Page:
Rarely is the world so binary and simplistic as to assume that there will always be a “right” or a “wrong” answer, and this is a large part of what Russell hopes to teach by emphasizing learning as discovery. And just as he prepares to travel across four local Ohio high schools this fall to do so, Abby Lyons is finalizing another curriculum, to enrich the experiences of Miami students who will be traveling and studying much further away.

Like many college students, Lyons spent a portion of her undergraduate career studying abroad. But after returning from Belize during her sophomore year, she recognized an opportunity to increase the scope and impact of similar experiences for other students -- both before they leave and after they return. 

By immersing students in a variety of different environments, study abroad programs can expand cultural perspectives, as well as build an affinity for inclusion, a better understanding of diversity, and the key social skills needed to thrive in an increasingly interconnected global society.

However, through her study abroad-related research as an undergraduate, Lyons discovered that, for many students, the transformative nature of this type of learning is often confined to the trip itself.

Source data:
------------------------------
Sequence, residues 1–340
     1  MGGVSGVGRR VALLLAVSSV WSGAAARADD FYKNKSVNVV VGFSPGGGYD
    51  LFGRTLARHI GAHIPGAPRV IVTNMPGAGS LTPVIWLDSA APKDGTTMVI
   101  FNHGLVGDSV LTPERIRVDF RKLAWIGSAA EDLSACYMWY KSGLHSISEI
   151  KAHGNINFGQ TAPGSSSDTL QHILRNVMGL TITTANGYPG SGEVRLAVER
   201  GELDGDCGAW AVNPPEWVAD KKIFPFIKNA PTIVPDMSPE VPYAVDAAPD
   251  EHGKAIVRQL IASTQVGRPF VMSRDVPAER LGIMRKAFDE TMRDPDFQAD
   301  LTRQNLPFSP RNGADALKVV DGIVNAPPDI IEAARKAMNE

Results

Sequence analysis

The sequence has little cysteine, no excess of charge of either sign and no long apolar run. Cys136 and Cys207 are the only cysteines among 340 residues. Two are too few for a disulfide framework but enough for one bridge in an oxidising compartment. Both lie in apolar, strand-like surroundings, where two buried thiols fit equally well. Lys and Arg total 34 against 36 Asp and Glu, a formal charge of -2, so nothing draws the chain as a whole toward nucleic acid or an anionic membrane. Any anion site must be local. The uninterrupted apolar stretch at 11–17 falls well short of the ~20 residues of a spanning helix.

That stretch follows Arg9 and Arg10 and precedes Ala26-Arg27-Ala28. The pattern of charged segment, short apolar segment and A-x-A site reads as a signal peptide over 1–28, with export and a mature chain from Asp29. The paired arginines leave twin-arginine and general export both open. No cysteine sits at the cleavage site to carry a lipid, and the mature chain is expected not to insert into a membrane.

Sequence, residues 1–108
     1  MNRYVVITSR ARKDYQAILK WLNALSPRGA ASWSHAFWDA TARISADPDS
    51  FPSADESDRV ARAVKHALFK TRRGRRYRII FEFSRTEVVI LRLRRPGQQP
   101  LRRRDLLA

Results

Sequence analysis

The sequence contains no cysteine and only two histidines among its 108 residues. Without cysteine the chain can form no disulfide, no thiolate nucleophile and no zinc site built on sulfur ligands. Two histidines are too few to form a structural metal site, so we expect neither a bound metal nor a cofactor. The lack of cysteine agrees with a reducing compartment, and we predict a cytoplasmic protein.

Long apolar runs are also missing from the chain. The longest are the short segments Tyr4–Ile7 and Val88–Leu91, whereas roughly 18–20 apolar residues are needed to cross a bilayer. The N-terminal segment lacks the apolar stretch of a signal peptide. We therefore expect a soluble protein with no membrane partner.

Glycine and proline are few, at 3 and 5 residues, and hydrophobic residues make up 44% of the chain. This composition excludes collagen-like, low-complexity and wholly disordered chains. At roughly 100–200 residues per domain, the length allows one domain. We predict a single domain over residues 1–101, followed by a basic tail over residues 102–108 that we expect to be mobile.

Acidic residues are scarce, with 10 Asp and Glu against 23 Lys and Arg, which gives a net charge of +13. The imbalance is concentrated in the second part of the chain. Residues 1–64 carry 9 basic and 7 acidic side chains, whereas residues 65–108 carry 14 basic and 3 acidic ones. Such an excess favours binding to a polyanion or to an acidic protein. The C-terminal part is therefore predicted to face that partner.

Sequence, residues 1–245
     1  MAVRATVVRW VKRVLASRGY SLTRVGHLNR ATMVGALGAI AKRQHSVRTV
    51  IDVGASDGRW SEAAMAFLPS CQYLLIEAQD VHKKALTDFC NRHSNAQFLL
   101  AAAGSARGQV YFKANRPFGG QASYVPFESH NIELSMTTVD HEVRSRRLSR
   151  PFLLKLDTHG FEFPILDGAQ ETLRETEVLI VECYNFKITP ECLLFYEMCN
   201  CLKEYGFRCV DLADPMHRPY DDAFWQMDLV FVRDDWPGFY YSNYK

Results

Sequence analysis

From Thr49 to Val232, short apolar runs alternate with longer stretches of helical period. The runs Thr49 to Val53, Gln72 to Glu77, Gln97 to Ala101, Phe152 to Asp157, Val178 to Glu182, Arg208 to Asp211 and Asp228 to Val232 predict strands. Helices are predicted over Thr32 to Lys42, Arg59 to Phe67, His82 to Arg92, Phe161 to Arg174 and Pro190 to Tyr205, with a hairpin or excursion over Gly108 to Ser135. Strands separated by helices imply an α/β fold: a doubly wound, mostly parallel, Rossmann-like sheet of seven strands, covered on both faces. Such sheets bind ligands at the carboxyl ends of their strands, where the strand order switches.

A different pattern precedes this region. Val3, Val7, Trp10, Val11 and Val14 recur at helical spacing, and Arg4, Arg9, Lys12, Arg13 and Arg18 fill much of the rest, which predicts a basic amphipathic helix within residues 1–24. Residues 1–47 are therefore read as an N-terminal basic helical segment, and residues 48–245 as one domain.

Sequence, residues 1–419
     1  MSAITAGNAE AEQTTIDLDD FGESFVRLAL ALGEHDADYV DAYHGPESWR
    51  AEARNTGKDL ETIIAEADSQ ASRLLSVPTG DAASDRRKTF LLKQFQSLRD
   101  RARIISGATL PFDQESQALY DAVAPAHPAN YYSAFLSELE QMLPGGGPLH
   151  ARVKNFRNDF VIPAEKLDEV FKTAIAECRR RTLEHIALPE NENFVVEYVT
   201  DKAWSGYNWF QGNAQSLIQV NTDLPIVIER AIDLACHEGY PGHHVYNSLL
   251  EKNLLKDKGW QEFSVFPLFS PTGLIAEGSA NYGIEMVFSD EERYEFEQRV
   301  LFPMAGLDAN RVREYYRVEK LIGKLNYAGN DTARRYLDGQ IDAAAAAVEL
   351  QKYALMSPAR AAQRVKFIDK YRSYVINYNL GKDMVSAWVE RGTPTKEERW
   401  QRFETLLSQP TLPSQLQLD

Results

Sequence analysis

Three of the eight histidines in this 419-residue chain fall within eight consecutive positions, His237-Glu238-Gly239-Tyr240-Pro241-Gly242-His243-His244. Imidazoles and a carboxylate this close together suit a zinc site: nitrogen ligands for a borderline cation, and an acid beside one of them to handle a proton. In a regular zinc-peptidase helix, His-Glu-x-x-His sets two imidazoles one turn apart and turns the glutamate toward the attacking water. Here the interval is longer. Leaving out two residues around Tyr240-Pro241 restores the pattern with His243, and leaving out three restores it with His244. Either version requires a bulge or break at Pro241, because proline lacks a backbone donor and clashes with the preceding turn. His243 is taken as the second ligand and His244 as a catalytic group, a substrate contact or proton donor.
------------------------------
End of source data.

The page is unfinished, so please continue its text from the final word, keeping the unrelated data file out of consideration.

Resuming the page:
Abby Lyons:

What I found was that transformation pretty much halted after the experience, because they didn’t have an opportunity . . .  it was too short of a time and there just wasn’t enough depth afterwards of reflection. And so that led me to proposing the development of a year-long study abroad curriculum, because I know how important study abroad is to Miami. But with that I also recognized that we send a lot of people abroad, but we don’t do a lot on the front end and the back end to support them.

James Loy:

Lyons admits that there are a few pre-trip seminars that currently do provide at least a base-level of understanding for those about to embark. Typically, these courses explain how to get a visa, what clothes to bring, some introductory cultural information, and so on. But Lyons sees value in taking this approach to an entirely new level. 

For the past year, she has been developing a curriculum designed specifically to provide a richer, more meaningful study abroad experience. Her course consists of four pre-trip and four post-trip modules, which combine to help students critically question their impact on the global community and how a study abroad program fits into their lives back home.